The Grady County Board of Commissioners, District Attorney Joe Mulholland, County Administrator Rusty Moye, Whigham Mayor Jimmie Laing and Whigham Police Chief Tony Black met with the Cairo City Council to discuss the possibility of establishing a local drug squad as the county considers opting out of the multicounty Southwest Georgia Drug Task Force. Grady County Sheriff Harry Young also attended the meeting, but arrived just after the drug squad discussion ended.
Commission Chairman Bobby Burns outlined the county’s position on the multicounty squad to members of the Cairo City Council and noted that the consensus of the board is to drop out of the current squad in which Mitchell County is a partner. Originally, the drug unit also included Baker County, but they have joined another drug squad.
“We’re here tonight to address a problem. The drug problem here is a concern for all of us and it affects us all. I’m pretty sure everyone here knows someone with a drug problem. The fight against drugs is a never ending battle and it may be a battle that cannot be won. However, we come tonight to see if there is interest with the city partnering with the county in the fight against drugs,” Chairman Burns said.
The majority of the SWGA Drug Task Force budget is funded through a federal grant and the remainder is made up by Mitchell and Grady counties, both of which invest $120,000 annually.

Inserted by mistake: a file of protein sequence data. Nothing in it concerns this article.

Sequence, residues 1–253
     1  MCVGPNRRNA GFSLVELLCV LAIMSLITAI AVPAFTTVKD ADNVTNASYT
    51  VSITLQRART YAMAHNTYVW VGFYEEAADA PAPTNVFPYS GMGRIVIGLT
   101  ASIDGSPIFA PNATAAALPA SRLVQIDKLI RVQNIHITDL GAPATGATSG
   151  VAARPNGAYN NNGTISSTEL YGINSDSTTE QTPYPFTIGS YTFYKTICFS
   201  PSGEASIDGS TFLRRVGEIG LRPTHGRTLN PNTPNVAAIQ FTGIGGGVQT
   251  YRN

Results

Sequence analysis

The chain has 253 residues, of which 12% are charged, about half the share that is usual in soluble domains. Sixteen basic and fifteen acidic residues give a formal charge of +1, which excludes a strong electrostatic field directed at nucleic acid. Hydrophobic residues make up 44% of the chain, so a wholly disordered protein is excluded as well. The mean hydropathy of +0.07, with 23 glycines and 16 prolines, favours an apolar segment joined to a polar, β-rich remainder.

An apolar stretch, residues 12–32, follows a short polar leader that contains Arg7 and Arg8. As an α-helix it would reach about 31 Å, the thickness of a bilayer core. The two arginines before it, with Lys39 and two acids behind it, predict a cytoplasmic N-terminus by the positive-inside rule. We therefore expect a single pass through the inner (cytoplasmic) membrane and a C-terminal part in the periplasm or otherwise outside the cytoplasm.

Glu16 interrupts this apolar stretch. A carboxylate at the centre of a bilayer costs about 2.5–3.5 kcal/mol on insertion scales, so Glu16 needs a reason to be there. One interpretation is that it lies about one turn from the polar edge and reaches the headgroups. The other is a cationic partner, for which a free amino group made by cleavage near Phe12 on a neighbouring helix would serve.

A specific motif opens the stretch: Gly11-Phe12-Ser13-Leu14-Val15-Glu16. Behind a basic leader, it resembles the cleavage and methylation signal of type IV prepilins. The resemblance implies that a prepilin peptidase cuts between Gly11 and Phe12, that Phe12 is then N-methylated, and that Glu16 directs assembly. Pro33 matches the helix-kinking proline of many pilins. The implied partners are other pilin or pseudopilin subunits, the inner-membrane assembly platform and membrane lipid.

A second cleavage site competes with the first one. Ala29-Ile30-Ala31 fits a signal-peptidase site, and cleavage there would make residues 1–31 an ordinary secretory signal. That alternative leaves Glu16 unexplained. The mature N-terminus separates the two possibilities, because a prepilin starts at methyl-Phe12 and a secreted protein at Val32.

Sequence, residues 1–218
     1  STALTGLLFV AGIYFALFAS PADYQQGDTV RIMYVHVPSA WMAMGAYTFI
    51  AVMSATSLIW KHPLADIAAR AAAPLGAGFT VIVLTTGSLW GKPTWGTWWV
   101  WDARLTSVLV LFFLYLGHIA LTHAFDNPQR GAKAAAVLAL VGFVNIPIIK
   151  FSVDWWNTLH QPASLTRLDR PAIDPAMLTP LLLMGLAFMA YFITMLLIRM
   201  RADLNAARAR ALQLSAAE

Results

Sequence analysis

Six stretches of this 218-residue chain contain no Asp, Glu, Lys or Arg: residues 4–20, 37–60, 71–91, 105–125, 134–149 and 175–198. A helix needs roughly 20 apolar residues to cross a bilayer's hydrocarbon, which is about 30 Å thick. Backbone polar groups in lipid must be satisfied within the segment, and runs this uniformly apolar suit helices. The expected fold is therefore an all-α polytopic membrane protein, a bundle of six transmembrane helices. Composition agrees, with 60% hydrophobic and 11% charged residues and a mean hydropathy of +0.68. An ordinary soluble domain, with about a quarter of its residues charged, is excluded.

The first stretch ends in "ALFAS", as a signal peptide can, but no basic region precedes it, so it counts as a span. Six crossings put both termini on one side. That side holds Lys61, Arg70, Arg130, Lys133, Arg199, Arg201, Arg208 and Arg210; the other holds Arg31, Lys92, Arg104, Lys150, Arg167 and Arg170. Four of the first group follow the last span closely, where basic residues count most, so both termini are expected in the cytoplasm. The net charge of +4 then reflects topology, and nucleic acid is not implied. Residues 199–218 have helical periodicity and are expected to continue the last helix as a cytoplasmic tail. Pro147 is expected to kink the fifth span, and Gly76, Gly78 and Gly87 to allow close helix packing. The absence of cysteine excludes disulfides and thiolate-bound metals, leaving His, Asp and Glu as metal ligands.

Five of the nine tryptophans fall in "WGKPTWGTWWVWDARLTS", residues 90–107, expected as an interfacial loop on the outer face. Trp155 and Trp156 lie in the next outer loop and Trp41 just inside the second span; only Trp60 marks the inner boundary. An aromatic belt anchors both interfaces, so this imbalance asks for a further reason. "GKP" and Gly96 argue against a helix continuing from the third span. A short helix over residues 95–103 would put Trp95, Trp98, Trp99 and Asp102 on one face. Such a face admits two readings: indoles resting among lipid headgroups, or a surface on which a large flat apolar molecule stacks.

“We’ve never asked the city to participate in the multicounty drug squad, but if the city is interested, we would be looking at going in together 50-50 on a local drug squad,” Burns said.
Cairo City Councilman James H. (Jimmy) Douglas voiced his opposition to city residents being double taxed should a local drug squad be formed by the city and county.
“This would be funded by tax dollars and the residents of the city are paying county taxes. If we (the city) contribute to this, city residents will be paying for it with both their city and county taxes. I have a problem with that,” Douglas said.
Mayor Richard VanLandingham asked how forfeitures would be split. He commented, “If we do 50-50 funding, we need to also split the forfeitures.”
Chairman Burns said that all of these issues would have to be part of the negotiation process between the two governments.
City Attorney Thomas L. Lehman quizzed D.A. Mulholland as to whether Decatur County has its own drug squad. Mulholland described the drug unit in Decatur as a “pseudo task force” with Bainbridge Public Safety officers and Decatur County Sheriff’s deputies both being assigned to drug enforcement.
The district attorney offered his assistance in setting up a local drug squad. He commented that the distribution of forfeitures could be handled in any way the city and county wished. Currently, all forfeitures go back to the SWGA Drug Task Force. According to Mulholland, forfeitures run approximately $30,000 to $40,000 annually.
Another question yet to be answered is how the vehicles and equipment purchased for use by the drug squad would be divided up.
Councilman Douglas said it was his understanding that Mitchell County Sheriff W.E. Bozeman did not cooperate with the drug squad and that has lead to its demise. Douglas asked Chairman Burns how that situation would be avoided with a local drug squad.
Burns told city officials that, in his opinion, the problems between the Mitchell County sheriff and the drug squad began when a drug squad operation was carried out in Mitchell County that the sheriff was not informed about.